Comments from the manager
This design required an area where people could sit Ďcinema styleí and listen to brief talks but also have considerable empty space so people could move about and mingle without falling over chairs. The participants could easily move their chairs into circles for small group work.
In each small group there was flip chart paper, an easel, and a couple of pens. It was important for the managers to reassure the staff that the project was a genuine and positive attempt to make things better.
The design of the day follows the general principles described below. These principles help with the structure and the way the management of the event. Participants must work on the issues they want to work on and be treated with respect if it is to work.
What are the conditions under which people learn best?
People learn best when they feel safe and supported. This happens when they know what to expect, that the risks are moderate and the plan of the event is clear. A collaborative climate makes it easier to share thoughts and feelings than a competitive one. Clearly people will be more motivated to learn if the event meets their needs.
Some design principles and practical implications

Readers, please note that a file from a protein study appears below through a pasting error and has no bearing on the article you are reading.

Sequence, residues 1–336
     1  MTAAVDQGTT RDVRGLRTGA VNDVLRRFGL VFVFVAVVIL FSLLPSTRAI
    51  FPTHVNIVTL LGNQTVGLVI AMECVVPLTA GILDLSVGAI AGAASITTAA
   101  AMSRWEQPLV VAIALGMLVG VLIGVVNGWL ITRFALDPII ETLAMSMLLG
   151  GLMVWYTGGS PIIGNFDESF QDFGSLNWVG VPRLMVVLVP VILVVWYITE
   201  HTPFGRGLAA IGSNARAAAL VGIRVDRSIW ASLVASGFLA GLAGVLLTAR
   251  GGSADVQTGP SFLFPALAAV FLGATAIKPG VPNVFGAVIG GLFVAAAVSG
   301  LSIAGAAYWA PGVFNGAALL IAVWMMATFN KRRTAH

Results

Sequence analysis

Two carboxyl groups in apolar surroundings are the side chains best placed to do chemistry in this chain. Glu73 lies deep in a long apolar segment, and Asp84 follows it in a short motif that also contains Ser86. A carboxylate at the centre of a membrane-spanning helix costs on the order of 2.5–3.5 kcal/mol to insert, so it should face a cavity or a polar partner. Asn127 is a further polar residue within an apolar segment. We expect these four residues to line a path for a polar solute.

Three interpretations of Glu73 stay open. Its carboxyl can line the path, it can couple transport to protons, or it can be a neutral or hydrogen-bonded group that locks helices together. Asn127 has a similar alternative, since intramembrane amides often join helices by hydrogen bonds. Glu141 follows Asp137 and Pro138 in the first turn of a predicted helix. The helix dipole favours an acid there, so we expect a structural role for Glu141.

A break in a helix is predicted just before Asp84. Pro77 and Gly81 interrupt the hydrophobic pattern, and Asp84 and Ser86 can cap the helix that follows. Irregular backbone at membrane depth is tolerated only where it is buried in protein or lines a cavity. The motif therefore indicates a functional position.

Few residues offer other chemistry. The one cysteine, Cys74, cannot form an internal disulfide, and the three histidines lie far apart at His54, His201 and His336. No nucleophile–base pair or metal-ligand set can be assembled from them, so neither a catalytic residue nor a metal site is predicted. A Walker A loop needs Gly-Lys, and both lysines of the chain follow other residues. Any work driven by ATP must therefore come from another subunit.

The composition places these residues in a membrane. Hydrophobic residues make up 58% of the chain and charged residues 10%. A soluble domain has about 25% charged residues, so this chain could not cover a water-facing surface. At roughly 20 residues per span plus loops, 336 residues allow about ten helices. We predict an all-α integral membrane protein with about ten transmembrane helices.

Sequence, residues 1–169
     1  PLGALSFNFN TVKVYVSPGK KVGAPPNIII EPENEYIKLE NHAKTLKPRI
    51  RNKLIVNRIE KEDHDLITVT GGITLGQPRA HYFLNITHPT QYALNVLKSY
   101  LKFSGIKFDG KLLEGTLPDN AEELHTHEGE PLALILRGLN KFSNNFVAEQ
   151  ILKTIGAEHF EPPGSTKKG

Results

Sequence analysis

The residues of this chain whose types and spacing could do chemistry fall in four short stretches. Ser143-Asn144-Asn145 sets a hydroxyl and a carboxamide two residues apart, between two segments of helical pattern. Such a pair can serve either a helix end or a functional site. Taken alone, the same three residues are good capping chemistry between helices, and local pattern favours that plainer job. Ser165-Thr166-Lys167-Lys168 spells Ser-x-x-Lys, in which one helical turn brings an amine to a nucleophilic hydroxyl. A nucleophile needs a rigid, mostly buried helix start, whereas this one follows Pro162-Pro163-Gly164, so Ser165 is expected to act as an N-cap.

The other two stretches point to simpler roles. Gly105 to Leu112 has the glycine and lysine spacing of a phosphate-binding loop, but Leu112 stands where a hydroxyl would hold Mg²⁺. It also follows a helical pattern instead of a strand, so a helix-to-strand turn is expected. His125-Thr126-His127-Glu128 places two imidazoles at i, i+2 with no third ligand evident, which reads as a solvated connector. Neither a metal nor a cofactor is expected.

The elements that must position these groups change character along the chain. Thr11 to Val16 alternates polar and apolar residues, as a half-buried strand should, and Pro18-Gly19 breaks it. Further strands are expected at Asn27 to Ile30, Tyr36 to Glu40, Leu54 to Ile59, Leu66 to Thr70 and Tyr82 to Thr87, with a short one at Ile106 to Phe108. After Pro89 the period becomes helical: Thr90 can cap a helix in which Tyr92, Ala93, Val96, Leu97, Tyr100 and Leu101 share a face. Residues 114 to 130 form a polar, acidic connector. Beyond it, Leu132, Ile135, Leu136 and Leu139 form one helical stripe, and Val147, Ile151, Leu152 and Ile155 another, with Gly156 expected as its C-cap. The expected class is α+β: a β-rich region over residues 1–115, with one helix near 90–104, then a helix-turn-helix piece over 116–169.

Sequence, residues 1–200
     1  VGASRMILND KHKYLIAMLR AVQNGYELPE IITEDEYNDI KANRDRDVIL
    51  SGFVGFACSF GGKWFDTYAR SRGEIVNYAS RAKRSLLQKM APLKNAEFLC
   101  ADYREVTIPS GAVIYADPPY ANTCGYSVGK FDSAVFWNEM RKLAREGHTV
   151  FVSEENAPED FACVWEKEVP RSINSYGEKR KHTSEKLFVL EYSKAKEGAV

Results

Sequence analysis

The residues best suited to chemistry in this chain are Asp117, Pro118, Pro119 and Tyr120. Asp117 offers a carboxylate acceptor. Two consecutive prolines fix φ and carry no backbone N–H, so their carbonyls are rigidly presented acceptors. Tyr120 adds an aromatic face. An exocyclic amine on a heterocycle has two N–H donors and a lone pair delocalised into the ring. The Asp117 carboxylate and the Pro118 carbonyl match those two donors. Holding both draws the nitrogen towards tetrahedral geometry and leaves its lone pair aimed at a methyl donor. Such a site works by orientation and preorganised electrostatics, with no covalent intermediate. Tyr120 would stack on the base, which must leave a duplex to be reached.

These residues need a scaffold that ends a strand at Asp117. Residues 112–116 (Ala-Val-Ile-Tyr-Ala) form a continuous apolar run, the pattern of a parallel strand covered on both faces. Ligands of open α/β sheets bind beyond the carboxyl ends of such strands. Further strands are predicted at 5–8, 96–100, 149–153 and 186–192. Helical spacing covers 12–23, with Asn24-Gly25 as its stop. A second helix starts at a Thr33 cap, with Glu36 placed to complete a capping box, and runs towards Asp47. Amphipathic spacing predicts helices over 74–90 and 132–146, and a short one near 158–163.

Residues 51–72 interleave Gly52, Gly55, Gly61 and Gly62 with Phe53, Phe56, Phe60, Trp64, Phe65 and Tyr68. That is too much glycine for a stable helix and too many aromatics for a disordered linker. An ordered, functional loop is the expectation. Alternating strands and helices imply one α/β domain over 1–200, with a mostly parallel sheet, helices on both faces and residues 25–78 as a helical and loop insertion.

The presenter of an event should practice what he/she preaches. If teaching the value of listening and support, it is particularly important to listen to and support the students. If we want people to express their feelings openly, our modelling of this will be more important than anything we say.
You have to build a trusting and growthful learning atmosphere. Clear rules about confidentiality and feedback build trust. Then people know what will happen to the Information they reveal. People usually find it much easier to trust one person than a group.
The purpose of the event and the individual activities and exercises must be clear to all those involved. If the purpose is unclear people will be confused, uncommitted and fear manipulation.
It is more useful to discover how to do things right than how to do things wrong. The information is also more acceptable. Most people do not get enough positive feedback and respond very well when they get some. The training and exercises work best when there is no right answer.